An abstract expressionist of the Bay Area Figurative Movement, Paul Wonner (1920-2008) maybe wasn't Diebenkorn but his early and middle works endure. Above are his Sarah Vaughn Singing (1963) and Woman with Flowers (1961). For more than fifty years he was partners with Theophilus Brown who, at 91, is said still to paint every day in San Francisco. In the 1960s they lived in Santa Monica and were friends with the locals, William Inge, Andre Previn, Isherwood and Bachardy, Eva Marie Saint and her husband. The Guggenheim, SFMoMA, and the Smithsonian American Art Museum are among the many institutions that collect Wonner's work.
The way things are going, Jean-Paul Gaultier is going to be remembered for creating Madonna’s cone bra corset. But he’s been a force in fashion since the mid-1970s and, who knew, he created the best-selling men’s fragrance in the EU. Never formally trained as a designer, he has long had a visionary sense of style, especially in the theatricality of his fashion shows and the boldness of his advertising. Yet his couture collections are as praised as his ready-to-wear. His boyfriend, Francis Menuge, convinced Gaultier to quit his job at Pierre Cardin and open his own studio in 1976. They lived and worked together, with Menuge as business manager until his death from aids in 1990. Gaultier was single for fifteen years following Menuge’s death then began a new relationship with a man who does not live in France.
Born in Des Moines, graduated from a high school in Evansville, Indiana, Roy Halston Frowick had shed the Midwest along with his first and last names by the time he designed Jackie Kennedy’s iconic inauguration pillbox hat when he was twenty-nine. Soon after, he began designing clothes, which were standouts for their elegance and simplicity. As famous for his perpetual partying at Studio 54 as he was for his fashions, Halston was the first designer to understand the power of licensing his brand. His name appeared on everything from scarves to eyeglasses to perfume to the uniforms for airlines and rental car companies, yet because he was a perfectionist unable to delegate any designing to his staff, he cracked under enormous pressure. The firm that bought his company asked him to design a clothing line for J.C. Penney, and when he did so, Bergdorf’s stopped carrying his clothes and many longstanding clients decamped to other designers. Ultimately he was fired from his own company and legally barred from designing under his name. He left New York for San Francisco and died of aids in 1990.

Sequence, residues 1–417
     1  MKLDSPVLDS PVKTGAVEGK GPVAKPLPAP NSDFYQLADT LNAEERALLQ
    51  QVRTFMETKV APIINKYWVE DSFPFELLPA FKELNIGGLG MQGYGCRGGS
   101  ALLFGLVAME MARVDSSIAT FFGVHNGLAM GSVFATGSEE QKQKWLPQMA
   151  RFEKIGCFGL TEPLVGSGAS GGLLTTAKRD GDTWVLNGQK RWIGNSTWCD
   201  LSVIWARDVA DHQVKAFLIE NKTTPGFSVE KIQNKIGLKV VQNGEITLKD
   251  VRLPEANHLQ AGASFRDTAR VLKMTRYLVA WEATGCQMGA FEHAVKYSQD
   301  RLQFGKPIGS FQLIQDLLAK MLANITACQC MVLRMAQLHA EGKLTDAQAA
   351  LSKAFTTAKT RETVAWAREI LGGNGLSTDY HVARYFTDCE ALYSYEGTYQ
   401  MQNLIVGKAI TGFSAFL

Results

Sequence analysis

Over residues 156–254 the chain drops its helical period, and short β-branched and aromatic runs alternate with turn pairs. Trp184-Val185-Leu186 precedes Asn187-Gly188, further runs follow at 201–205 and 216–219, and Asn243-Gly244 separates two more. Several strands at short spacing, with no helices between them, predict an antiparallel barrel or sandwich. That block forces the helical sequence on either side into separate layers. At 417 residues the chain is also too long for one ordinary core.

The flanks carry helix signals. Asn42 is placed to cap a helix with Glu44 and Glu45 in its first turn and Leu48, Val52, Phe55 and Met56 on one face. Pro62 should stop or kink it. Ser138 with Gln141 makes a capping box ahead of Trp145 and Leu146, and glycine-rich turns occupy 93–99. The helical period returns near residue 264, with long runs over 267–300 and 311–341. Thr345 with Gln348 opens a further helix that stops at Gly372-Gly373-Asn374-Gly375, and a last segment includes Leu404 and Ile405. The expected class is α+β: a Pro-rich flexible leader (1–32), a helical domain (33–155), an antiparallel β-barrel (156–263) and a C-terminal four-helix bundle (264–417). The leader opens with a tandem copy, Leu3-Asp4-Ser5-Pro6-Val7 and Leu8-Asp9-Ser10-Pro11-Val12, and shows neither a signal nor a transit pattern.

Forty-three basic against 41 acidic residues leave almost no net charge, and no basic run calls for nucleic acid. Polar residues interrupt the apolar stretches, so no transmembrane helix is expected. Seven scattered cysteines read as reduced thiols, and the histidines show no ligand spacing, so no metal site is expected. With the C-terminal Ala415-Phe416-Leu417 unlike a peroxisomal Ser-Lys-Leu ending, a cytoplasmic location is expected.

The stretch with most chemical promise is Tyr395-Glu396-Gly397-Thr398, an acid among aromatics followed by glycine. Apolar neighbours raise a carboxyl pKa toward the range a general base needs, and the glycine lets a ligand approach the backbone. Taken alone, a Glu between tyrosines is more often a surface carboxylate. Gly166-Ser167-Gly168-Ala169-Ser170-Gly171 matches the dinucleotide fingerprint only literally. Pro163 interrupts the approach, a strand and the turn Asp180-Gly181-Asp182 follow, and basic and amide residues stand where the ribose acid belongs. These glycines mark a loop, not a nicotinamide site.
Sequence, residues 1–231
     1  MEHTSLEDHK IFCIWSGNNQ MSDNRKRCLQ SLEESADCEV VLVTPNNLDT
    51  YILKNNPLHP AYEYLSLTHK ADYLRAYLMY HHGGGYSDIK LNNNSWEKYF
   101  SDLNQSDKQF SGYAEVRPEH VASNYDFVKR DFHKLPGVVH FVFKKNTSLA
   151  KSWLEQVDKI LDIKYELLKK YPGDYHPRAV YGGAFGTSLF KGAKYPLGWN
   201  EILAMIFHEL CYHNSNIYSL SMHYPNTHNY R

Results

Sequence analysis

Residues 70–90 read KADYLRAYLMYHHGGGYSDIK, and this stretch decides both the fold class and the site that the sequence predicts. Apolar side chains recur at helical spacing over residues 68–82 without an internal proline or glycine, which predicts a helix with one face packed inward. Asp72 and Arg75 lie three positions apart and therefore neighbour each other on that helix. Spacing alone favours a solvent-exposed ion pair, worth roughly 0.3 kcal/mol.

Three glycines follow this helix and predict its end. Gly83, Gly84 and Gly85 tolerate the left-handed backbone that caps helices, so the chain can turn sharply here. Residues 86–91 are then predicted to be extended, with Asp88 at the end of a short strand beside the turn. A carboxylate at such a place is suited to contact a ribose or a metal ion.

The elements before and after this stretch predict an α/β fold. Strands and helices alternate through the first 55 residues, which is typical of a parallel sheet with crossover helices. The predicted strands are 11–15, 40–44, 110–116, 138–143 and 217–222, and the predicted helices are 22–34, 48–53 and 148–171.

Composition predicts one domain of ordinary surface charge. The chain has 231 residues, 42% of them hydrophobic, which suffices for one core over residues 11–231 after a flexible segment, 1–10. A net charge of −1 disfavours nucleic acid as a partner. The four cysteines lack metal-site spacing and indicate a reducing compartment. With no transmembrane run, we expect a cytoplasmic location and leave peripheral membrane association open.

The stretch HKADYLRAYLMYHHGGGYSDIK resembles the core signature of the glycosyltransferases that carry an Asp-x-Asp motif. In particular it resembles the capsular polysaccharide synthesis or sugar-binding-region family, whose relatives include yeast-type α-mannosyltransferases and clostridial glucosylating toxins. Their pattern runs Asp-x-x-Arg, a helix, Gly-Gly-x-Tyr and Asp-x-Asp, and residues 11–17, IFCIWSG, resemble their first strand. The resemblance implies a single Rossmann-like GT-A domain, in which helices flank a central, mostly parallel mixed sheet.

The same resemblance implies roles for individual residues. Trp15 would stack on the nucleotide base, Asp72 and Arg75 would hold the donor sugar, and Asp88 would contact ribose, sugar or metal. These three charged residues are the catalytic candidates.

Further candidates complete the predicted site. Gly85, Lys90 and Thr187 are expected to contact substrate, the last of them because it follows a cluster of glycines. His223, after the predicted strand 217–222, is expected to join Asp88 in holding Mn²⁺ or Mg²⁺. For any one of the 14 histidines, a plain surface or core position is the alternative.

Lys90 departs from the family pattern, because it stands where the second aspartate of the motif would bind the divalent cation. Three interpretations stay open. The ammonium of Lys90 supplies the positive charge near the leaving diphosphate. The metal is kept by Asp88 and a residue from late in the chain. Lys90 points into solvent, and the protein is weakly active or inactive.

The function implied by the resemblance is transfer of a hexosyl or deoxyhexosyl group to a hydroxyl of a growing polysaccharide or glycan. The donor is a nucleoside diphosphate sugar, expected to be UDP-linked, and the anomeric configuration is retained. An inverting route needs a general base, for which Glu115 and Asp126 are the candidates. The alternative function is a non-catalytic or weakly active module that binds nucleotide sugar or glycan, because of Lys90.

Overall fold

Who’s that star playing his guitar with a bow like a cello? And who sings the end credits song "Sticks and Stones" in How To Train Your Dragon? Why, it’s Jónsi, of course, the lead singer of the other Icelandic musical sensation, Sigur Rós. They followed the worldwide success of their 1999 post-rock album Ágætis byrjun, with 2002’s album called ( ), which was sung entirely in Vonlenska, or Hopelandic, a made-up language of nonsense syllables. Because it sounds similar to Icelandic, it’s an open question whether people in other parts of the world could tell any difference, but those fans would at least have noticed that the accompanying lyrics booklet was left blank for listeners to write their own meaning of the words. Sigur Rós’s songs have been used in movies by Greg Araki, Cameron Crowe, and Wes Anderson, as well as on numerous tv shows, and they’ve sold more than two million albums. Jónsi is 100% supergay and last year released an album called Riceboy Sleeps with his boyfriend under the moniker Jónsi and Alex. This month he releases his first solo album Go.